Memories and lessons learned

Tucson

Days of the Dead

This past week has been filled with events leading up to the 22nd annual All Souls Procession. The procession started off as a performance piece by a local artist to commemorate the passing of her father, but has now grown to include more than 20,000 participants.

The procession is inspired by Day of the Dead, an ritual originally celebrated by the indigenous people of Mexico and passed down for thousands of years.  Today, it is celebrated by people all over the Catholic world.  Day of the Dead coincides with the Catholic All Souls day and All Saints day.

Alter at Mercado San Agustin

Ornate alters, or ofrendas, are created to commemorate dead loved ones.  They are decorated with candles, marigolds, pictures, and even bread and tequila.

Sugar skulls

Pan de Muerto – a traditional sweet bread made to celebrate the Day of the Dead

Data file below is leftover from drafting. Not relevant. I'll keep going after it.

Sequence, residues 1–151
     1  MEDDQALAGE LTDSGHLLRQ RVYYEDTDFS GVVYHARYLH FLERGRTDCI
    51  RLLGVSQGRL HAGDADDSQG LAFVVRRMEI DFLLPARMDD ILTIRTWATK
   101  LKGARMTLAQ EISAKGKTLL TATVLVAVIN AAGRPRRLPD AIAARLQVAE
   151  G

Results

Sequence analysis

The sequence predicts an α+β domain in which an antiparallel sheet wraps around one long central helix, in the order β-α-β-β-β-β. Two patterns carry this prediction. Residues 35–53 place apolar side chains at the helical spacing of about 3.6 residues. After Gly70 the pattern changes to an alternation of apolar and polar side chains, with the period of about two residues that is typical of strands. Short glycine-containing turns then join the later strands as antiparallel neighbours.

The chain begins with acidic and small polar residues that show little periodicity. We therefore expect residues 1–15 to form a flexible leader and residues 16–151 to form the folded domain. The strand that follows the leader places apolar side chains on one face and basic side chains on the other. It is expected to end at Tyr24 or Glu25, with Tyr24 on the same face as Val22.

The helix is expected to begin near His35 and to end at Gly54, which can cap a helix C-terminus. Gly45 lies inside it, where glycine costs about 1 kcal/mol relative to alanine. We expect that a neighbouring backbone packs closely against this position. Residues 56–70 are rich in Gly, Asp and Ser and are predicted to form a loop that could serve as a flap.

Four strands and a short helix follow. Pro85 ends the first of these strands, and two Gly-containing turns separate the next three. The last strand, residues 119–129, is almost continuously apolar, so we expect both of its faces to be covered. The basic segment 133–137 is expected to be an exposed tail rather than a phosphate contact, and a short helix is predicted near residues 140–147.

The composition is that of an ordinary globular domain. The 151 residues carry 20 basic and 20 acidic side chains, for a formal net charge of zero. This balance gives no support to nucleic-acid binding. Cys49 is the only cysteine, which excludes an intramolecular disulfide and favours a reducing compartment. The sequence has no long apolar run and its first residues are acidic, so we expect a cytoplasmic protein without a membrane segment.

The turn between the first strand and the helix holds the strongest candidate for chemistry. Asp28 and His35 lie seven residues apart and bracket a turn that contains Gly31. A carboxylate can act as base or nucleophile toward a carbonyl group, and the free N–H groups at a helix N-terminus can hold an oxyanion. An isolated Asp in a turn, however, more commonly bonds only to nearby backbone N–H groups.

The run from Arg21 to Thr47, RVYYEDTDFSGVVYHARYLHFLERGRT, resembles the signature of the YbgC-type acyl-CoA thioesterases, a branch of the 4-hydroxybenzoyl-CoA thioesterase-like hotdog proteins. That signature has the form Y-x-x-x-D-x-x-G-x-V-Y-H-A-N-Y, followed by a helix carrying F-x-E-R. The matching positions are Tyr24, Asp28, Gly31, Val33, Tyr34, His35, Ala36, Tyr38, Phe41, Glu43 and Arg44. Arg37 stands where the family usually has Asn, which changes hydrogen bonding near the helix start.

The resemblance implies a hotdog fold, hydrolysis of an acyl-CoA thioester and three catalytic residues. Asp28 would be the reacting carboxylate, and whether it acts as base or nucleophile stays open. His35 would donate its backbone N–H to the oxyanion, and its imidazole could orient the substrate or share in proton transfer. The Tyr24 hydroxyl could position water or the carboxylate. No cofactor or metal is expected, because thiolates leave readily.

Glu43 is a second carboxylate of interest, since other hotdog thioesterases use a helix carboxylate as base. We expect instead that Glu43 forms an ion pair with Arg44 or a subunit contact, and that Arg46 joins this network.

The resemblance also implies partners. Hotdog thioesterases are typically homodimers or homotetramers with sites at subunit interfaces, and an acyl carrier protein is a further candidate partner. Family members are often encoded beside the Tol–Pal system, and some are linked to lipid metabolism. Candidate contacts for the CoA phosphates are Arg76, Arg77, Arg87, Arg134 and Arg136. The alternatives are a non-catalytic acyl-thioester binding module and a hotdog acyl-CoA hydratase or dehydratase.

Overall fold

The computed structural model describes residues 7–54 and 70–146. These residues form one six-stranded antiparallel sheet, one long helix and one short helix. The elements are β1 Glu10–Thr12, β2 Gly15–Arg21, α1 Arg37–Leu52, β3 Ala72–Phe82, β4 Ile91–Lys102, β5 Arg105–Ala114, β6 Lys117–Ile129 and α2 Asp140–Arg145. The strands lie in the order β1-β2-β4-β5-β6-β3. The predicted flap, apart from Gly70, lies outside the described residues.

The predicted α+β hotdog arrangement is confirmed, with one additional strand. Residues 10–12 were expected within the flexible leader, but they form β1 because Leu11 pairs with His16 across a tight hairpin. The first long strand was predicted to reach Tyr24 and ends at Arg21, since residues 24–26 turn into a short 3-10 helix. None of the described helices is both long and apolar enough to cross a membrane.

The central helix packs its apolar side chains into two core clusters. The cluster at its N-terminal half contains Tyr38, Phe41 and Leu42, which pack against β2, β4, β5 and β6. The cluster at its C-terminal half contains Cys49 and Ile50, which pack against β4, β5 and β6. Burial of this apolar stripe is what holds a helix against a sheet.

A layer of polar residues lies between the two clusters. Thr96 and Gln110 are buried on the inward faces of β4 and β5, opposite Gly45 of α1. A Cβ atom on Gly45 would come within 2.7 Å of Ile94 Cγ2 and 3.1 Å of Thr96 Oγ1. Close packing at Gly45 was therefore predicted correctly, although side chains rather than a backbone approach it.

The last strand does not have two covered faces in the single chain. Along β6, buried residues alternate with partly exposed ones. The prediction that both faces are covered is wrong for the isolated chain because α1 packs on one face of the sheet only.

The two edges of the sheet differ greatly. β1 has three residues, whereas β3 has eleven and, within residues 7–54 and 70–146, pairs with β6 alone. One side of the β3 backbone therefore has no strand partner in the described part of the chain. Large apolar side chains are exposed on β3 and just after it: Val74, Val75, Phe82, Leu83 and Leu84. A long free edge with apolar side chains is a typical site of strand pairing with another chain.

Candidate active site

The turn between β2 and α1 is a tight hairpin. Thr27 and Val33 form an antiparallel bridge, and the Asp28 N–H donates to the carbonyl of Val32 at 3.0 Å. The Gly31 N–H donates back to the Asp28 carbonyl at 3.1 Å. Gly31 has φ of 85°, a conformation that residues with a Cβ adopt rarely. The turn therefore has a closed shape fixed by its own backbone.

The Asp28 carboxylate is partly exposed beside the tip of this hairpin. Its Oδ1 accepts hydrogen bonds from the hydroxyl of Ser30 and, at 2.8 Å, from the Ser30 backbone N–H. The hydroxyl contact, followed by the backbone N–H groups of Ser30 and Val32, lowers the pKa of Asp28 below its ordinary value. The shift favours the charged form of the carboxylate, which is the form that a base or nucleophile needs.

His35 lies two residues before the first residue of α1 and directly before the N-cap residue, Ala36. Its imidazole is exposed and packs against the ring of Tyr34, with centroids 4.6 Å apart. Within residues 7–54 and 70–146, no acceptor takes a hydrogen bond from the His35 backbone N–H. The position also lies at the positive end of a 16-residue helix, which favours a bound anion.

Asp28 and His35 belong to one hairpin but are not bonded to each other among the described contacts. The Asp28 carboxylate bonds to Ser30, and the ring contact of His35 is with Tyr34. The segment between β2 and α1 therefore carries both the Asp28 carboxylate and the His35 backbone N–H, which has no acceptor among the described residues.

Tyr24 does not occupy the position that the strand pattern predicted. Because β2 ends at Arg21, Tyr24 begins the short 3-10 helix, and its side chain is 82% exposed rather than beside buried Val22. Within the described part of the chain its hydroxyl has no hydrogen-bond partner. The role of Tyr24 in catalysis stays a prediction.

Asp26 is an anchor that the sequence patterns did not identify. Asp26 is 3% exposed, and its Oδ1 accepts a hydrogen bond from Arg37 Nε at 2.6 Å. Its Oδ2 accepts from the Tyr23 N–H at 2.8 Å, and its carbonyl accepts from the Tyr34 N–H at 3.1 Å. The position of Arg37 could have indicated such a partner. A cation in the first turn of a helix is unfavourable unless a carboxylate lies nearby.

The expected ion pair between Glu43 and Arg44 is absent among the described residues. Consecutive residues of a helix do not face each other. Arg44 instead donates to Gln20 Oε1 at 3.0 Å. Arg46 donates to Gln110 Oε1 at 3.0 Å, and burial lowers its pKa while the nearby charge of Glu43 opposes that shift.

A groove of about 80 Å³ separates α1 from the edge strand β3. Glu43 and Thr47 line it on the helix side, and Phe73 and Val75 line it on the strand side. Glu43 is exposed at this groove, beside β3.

Some people leave bread and other food for those who have passed away.

On Wednesday, November 2, people set up ofrendas at Mercado San Agustin.  The alter was set up on the courtyard and people brought all kinds of keepsakes, sugar skulls, and pictures for their loved ones.  There was even a small urn set up in front of the alter for people to fill with messages and offerings to those who have passed away.

Before that, on Saturday, October 29, the organizers of the All Souls Procession held a Photography competition and exhibition at Studio 455, a quiant art studio tucked away in an alley street on Ferro Ave, just south of 6th St.  The exhibit featured photographs taken at previous years All Souls Processions.  After the winner of the competition was announced, Paul Weir and Nadia Hagen, board members of Many Mouths One Stomach, the organization that puts the procession together, made speeches thanking everyone for their contributions to the exhibit and answered questions about the procession.

This past weekend, the Procession of Little Angels took place at Armory Park [this was made possible when Occupy Tucson protesters voted to move their tents from Armory Park to Veinte de Agosto Park].  Parents and children flocked to the park to design and decorate angel wings and stars.  Tables were set up for face-painting, paper flower making, and sugar skull decorating.  At sundown, a mini-parade around the park occured and ended at the stage where children’s short stories, poems, and performances were held.

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